Making Beautiful Softies: Part Two

Last week I spoke a bit about choosing your materials – you can read it HERE. This week I’m going to be talking about the importance of cutting your pattern pieces and sewing your pieces together, I hope you find it useful!

Softie Patterns from Bustle & Sew

Cutting your pattern pieces:

This is a very important part of the process – it’s worth taking a lot of time and care over as you’ll reap dividends later on. Bad cutting will result in misshapen softies and pattern pieces that don’t fit together properly. Many people think that they should use small scissors to cut out fiddly pieces but this isn’t necessarily the case. Felt pieces for these details must be cut out with a continuous action, so giving a nice smooth line to the edge. A series of short cuts with small scissors will give a jagged, unattractive looking edge. I often use my dressmaking shears to cut out these more detailed shapes. Whatever scissors you’re using they must be nice and sharp. Don’t be tempted to cut out the cardboard bases with your fabric shears as this will ruin their cutting edge.

If you’re using a woven fabric, then make sure that the grain runs up and down the piece, not diagonally as this will cause it to stretch and distort. Often it’s nice to combine different fabrics as in the hen on the right who is created from vintage blanket, felted cashmere, feedsack scraps and wool mix felt for her comb and wattles. You can either draw round the shapes on the wrong side of the fabric hen cut out along the lines, or pin the pattern to the material and cut around the edge.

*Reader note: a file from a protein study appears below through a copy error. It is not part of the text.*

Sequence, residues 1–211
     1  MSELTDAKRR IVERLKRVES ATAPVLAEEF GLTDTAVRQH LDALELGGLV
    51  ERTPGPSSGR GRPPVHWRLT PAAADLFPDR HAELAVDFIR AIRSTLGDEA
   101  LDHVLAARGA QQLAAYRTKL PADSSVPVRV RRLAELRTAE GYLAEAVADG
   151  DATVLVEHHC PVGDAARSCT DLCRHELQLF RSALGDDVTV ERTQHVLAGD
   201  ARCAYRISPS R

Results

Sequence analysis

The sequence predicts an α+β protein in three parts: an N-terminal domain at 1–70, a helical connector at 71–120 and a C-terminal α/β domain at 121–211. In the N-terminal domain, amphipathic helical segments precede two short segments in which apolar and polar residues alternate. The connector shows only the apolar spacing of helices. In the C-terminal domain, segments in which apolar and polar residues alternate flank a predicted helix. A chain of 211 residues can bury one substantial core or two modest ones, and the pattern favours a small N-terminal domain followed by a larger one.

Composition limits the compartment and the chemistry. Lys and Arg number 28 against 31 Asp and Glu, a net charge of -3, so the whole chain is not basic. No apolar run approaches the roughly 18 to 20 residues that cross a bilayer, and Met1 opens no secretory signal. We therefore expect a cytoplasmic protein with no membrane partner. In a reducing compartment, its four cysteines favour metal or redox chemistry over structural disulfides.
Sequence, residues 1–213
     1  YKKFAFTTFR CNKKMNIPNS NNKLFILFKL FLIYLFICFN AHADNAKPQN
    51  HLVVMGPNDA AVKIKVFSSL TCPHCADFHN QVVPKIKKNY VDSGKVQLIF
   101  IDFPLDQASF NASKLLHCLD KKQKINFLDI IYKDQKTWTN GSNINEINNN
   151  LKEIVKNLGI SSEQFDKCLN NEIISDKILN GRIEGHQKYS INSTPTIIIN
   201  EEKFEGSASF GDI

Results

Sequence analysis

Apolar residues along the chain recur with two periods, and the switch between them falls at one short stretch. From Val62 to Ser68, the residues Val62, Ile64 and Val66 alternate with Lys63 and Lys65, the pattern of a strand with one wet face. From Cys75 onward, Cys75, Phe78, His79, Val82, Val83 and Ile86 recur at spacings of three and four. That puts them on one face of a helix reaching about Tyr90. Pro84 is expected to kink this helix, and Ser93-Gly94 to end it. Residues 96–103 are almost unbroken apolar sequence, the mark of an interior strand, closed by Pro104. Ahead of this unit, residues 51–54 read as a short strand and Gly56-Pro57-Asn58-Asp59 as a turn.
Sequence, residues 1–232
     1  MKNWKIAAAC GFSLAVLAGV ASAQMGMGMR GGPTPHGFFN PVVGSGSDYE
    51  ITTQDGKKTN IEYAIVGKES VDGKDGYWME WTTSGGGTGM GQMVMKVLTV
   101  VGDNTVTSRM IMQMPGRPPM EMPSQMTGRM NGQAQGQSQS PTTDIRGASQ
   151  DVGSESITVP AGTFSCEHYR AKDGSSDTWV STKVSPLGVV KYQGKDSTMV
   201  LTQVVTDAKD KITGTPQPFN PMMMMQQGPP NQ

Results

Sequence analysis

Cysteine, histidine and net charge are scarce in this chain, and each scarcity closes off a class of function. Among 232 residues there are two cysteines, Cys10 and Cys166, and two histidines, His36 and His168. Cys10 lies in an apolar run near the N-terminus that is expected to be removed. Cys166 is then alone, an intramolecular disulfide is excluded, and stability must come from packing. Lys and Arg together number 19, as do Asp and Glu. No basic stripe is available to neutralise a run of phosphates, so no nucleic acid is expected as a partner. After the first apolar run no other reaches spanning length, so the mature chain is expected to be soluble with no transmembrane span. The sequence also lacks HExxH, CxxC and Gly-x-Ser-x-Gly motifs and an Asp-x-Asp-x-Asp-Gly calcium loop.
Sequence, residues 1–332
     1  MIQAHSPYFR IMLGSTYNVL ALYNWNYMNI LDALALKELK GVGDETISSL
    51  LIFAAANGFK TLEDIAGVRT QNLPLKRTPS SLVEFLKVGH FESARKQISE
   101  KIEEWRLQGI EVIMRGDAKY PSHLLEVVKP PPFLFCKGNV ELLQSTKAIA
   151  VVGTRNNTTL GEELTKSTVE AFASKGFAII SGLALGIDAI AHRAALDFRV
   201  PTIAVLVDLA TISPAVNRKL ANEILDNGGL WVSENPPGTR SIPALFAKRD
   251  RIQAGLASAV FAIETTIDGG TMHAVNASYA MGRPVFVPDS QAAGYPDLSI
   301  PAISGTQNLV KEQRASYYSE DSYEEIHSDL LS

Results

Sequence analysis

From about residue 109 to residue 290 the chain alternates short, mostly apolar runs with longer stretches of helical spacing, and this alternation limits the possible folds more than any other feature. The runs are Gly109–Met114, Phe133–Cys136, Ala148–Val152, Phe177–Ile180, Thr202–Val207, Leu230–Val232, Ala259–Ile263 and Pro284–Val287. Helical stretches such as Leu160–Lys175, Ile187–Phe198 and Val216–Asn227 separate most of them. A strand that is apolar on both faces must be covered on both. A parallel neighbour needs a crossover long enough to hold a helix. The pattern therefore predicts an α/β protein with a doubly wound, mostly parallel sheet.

Softie Patterns from Bustle & Sew

Sewing your pieces together:

You can join your pieces by hand or by machine stitching. Each will give your softies a completely different look. My preference is to use two strands of stranded cotton embroidery cross and close the seams with cross stitch. I work half-cross stitch in one direction, then return in the other direction to finish the stitch. This produces a nice strong seam as if one thread is broken then the whole seam won’t unravel – the other half of the stitch, being worked separately, should remain securely attached. It’s decorative too.

The thread you choose can either match your materials (the best choice for machine stitching) or contrast/complement them – great if you’re hand stitching and want to make a feature of the seams.

If you’re new to softie making you may well wish to tack your pieces together before you begin to stitch. It’s not a good idea to use pins as they could accidentally be left in the toy. Obviously it’s quicker to machine stitch the pieces together, but this does give a less handmade look, and of course you can’t relax on the sofa with a good movie if you’re using your sewing machine.

Hand sewing your softies also gives you greater control over the finished appearance – you can stuff as you go and also make minor adjustments if necessary.

I do hope you’ve found this useful – be sure to check back next week when I’ll be talking about stuffing your softie and adding the finishing touches!

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